Blues’ Oskar Sundqvist is suspended one game for illegal hit against Bruins’ Matt Grzelcyk

2019 NHL Stanley Cup Final - Game One
St. Louis Blues’ Oskar Sundqvist is escorted to the penalty box after being called for a cross-checking penalty against the Boston Bruins during the second period in the Stanley Cup Final.
(Bruce Bennett / Getty Images)

The NHL on Thursday suspended St. Louis Blues forward Oskar Sundqvist for the next game of the Stanley Cup Final for making what its Department of Player Safety termed an illegal hit that left Boston Bruins defenseman Matt Grzelcyk with a head injury during Game 2.

Sundqvist drew a minor boarding penalty for the offense, at 17 minutes 57 seconds of the first period of the Blues’ eventual 3-2 overtime victory on Wednesday. Grzelcyk had to be helped off the ice and did not return.

Sundqvist, who had not been fined or suspended prior to this incident, will serve the suspension on Saturday, when the Final resumes at Enterprise Center. The teams split the first two games, at Boston.

Grzelcyk was going through the NHL’s concussion protocol and did not accompany the Bruins to St. Louis.


In an explanatory video, the league said it imposed discipline because Sundqvist’s path and actions led him to hit Grzelcyk “forcefully from behind with speed and driving him violently into the glass and causing an injury.” It said Sundqvist had time to ease up or avoid hitting Grzelcyk in an illegal and dangerous manner but said Sundqvist “chooses to finish his check into his opponent’s back with force.”

It also acknowledged that while Grzelcyk adjusted the position of his body just before the hit, “he does not do so in a way that absolves Sundqvist of responsibility for the nature of the hit.”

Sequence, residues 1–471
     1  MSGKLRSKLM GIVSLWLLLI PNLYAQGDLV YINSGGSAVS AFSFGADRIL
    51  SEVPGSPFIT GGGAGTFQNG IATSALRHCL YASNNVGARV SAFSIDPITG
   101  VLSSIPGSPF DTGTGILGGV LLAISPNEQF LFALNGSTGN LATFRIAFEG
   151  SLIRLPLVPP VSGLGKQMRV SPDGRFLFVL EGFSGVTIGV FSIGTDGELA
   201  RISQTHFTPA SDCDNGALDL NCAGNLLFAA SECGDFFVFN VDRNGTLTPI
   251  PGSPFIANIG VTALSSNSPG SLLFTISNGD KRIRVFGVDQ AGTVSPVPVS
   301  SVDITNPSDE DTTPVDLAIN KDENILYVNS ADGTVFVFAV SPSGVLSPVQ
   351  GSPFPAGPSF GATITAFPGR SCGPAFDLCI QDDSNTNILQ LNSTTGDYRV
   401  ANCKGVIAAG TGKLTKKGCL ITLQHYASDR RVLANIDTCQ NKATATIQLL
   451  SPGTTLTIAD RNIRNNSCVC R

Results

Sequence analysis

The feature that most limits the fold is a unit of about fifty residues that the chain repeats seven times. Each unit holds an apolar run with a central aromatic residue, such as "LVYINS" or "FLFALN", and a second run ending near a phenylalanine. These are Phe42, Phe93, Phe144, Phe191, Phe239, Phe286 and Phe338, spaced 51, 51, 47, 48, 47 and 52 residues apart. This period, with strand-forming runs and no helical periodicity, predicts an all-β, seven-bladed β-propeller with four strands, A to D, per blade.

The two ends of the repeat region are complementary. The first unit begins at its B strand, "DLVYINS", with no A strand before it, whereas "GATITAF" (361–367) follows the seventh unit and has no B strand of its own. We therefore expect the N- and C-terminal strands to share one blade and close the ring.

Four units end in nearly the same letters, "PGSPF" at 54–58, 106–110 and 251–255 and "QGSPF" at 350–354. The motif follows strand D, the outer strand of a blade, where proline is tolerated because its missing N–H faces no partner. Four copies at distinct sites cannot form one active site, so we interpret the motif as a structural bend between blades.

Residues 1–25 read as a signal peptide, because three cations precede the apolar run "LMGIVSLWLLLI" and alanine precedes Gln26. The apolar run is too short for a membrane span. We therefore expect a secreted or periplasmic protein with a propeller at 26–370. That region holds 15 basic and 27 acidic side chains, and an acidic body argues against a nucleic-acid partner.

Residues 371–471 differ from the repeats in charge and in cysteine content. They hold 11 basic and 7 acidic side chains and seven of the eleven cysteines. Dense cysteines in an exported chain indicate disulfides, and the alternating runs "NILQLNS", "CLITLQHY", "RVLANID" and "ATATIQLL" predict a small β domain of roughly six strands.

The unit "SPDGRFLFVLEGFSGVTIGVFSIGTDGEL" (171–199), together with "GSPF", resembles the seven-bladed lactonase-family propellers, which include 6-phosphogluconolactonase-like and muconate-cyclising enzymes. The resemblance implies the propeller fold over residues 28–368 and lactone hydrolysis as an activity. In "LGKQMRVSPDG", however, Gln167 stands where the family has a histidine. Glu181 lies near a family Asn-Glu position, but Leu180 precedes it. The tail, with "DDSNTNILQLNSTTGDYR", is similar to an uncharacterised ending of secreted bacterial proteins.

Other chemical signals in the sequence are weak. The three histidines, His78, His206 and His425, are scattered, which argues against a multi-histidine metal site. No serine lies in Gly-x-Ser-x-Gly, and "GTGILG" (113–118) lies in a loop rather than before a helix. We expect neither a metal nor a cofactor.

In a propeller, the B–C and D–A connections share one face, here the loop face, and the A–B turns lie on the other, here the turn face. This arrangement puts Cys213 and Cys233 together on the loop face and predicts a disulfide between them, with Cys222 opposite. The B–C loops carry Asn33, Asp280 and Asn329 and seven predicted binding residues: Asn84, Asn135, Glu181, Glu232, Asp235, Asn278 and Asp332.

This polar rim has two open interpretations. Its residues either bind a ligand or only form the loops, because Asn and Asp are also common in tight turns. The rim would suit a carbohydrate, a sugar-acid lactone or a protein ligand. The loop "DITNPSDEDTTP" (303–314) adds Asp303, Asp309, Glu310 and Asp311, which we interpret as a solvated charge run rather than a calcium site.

Bruins coach Bruce Cassidy said Grzelcyk’s status is day to day. John Moore and Steven Kampfer are candidates to replace him.

2019 NHL Stanley Cup Final - Game Two
Boston Bruins’ Matt Grzelcyk is tended to by the trainer after being hit into the boards by St. Louis Blues’ Oskar Sundqvist (not pictured) during the first period in Game 2 of the Stanley Cup Final at TD Garden on Wednesday in Boston.
(Patrick Smith / Getty Images)


Blues coach Craig Berube spoke to reporters before the suspension was imposed and said he didn’t have to choose a replacement for Sundqvist yet. Robert Thomas is a possibility to take Sundqvist’s spot.

Bruins defenseman Charlie McAvoy said he felt encouraged after he spoke to Grzelcyk on Wednesday night and again on Thursday. “I think he’s in good spirits, obviously. He was in our prayers [Wednesday],” McAvoy said. “We weren’t sure how he was feeling. In talking to him a little bit, he’s in good spirits and we’re looking for him to rejoin us as soon as possible.”

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Home-ice advantage?

Saturday’s game will be the Blues’ first Cup Final home game since May 5, 1970. Fans have jammed watch parties at Enterprise Center and are sure to ramp up the noise on Saturday.

“It’s going to be awesome,” said defenseman Carl Gunnarsson, whose long blast got past Boston goaltender Tuukka Rask for the winner 3:51 into sudden-death play on Wednesday. “ Everyone’s excited to bring this home. We’ve seen the pictures and the videos from the Enterprise Center for the first two games, and we’re not even playing there. I think everyone is just real happy and excited to take it home.”

Home ice, however, hasn’t been so friendly to the Blues this spring: they’re 5-5 at home, though one of the wins was a 2-1 overtime decision in Game 7 of their second-round series against the Dallas Stars. The Bruins are 6-2 on the road.



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